...which are all 8-bit bytes (less NUL), divided into four shell-quoted strings split evenly at 64-byte boundaries. The strings might be represented with octal ranges like \200\1-\77,\100-\177,\200-\277,\300-\377, where byte 128 is used as a place-holder for NUL.

The first ctbl()'s entire purpose for existence is to generate those strings so that eval may define the second ctbl() function with them literally embedded thereafter. In that way they can be referenced in the function without needing to generate them again each time they are needed. When eval does define the second ctbl() function the first will cease to be.

The top half of the second ctbl() function is mostly ancillary here - it is designed to portably and safely serialize any current shell state it might affect when it is called. The top loop will quote any quotes in the values of any variables it might want to use, and then stack all of the results in its positional parameters.

The first two lines, though, first immediately return 0 and set $OPTARG to same if the function's first argument does not contain at least one character. And if it does, the second line immediately truncates its first argument to only its first character - because the function only handles a character at a time. Importantly, it does this in the current locale context, which means that if a character might comprise more than a single byte, then, provided the shell properly supports multi-byte chars, it will not discard any bytes except those which are not in the first character of its first argument.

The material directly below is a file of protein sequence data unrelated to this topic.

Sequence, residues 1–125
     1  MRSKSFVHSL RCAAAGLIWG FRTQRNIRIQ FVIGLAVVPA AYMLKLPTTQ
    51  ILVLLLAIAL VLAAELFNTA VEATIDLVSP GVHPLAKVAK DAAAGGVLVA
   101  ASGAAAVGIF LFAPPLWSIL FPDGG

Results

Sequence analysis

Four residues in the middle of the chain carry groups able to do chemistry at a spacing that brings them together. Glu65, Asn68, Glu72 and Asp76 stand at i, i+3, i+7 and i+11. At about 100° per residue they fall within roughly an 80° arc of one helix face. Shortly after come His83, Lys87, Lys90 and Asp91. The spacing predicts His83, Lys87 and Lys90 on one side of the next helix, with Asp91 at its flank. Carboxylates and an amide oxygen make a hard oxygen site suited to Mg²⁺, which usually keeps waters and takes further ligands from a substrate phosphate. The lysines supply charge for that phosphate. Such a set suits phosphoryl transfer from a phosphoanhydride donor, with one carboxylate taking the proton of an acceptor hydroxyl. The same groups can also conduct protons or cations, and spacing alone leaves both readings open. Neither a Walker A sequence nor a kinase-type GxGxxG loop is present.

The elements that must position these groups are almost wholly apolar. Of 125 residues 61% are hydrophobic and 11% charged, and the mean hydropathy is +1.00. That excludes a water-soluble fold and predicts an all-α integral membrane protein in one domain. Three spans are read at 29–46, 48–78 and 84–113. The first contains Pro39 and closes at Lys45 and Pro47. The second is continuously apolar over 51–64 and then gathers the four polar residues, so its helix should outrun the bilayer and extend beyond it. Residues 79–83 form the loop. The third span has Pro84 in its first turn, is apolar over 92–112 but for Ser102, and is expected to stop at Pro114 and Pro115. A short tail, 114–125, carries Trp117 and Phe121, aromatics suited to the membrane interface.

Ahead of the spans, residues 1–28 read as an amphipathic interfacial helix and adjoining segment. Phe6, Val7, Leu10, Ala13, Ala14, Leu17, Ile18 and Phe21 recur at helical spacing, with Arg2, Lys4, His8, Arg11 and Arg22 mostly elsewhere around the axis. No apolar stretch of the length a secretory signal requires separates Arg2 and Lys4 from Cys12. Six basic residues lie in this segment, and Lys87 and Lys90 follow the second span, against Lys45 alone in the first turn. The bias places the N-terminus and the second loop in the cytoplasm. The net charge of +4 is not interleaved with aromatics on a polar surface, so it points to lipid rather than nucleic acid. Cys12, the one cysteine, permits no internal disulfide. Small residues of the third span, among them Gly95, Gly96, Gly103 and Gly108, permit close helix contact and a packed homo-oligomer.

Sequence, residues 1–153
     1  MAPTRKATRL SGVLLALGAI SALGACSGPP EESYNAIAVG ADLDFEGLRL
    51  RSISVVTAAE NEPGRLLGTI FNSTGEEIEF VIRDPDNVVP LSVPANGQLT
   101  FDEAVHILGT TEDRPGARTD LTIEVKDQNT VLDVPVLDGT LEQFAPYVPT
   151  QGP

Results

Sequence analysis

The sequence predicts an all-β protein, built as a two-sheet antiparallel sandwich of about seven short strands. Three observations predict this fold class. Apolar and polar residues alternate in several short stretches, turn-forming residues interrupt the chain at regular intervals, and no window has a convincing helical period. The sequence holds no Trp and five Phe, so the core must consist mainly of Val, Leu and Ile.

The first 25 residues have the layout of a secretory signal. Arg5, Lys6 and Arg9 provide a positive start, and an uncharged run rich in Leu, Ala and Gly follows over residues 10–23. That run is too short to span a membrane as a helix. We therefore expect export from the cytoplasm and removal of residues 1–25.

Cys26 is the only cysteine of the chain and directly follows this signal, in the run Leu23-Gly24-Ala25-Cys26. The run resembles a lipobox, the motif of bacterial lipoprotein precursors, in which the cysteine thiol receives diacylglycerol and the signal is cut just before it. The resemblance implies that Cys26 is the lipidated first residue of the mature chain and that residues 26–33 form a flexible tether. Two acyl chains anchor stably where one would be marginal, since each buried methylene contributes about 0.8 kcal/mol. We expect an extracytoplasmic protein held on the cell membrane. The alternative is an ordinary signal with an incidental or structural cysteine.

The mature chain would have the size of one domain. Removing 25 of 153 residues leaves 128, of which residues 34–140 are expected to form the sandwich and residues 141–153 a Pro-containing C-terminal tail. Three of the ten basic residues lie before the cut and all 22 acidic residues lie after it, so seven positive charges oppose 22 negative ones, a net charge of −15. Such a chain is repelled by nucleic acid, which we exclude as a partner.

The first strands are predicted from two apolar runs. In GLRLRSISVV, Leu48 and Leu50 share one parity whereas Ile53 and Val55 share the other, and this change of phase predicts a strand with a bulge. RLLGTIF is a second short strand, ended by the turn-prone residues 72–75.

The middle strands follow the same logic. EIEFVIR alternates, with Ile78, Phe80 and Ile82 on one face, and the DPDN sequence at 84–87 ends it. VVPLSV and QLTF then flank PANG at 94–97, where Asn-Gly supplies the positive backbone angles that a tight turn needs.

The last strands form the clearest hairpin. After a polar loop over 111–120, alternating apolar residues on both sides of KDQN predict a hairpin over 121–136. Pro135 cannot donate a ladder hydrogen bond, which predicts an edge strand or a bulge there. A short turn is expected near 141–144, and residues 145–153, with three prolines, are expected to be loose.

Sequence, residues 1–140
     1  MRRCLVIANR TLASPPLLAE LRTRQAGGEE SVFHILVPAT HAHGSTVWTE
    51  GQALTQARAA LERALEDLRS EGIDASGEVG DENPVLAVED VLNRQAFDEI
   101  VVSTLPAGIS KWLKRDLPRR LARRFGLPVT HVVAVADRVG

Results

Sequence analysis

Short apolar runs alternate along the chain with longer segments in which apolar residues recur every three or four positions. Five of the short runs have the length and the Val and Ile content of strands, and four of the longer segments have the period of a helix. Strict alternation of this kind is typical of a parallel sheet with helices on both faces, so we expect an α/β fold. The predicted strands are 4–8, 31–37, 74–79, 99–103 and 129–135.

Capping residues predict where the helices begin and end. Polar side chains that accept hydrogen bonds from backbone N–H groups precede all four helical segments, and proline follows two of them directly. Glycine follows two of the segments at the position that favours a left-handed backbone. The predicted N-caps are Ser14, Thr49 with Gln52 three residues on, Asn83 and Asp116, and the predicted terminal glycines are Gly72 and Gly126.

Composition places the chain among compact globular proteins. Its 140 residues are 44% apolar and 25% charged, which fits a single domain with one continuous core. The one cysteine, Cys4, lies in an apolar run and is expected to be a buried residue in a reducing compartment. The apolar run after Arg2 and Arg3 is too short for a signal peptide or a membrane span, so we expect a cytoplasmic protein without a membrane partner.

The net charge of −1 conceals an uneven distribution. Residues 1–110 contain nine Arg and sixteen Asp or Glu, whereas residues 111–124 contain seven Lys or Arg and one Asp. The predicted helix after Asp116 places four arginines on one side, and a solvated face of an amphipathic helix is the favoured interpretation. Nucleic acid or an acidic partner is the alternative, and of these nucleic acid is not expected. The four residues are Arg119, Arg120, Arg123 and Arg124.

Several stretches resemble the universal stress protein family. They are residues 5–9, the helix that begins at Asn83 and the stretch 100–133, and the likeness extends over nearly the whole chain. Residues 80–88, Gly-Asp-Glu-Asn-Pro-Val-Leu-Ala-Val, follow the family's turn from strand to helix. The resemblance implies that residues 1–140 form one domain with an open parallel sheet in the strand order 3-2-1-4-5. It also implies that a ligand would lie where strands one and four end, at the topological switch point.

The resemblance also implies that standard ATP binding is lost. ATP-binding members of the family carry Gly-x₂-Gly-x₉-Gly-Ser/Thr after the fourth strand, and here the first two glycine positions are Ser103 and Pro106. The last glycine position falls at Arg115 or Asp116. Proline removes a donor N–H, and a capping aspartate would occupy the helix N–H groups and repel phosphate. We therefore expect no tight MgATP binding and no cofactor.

${1:+":"}       return "$((OPTARG=0))"
        set     "" ""   "${1%"${1#?}"}"

It then does the save loop if at all necessary, and afterward it redefines the current locale context to the C locale for every category by assigning to the LC_ALL variable. From this point on, a character can only consist of a single byte, and so if there were multiple bytes in the first character of its first argument, these should now be each addressable as individual characters in their own right.


It is for this reason that the second half of the function is a while loop, as opposed to a singly run sequence. In most cases it will probably execute only once per call, but, if the shell in which ctbl() is defined properly handles multi-byte characters, it might loop.

        while   [ 0 -ne "${#a}" ]
        do      case $a in      ([[:print:][:cntrl:]]*)
                        case    $a in   (['"$(printf \\1-\\77)"']*)
                                        b=0;;   (*)     b=1
                        esac;;  (['"$(  printf  \\200-\\277)"']*)
                                        b=2;;   (*)     b=3
                esac;    set    '"$(ctbl)"'     "$@"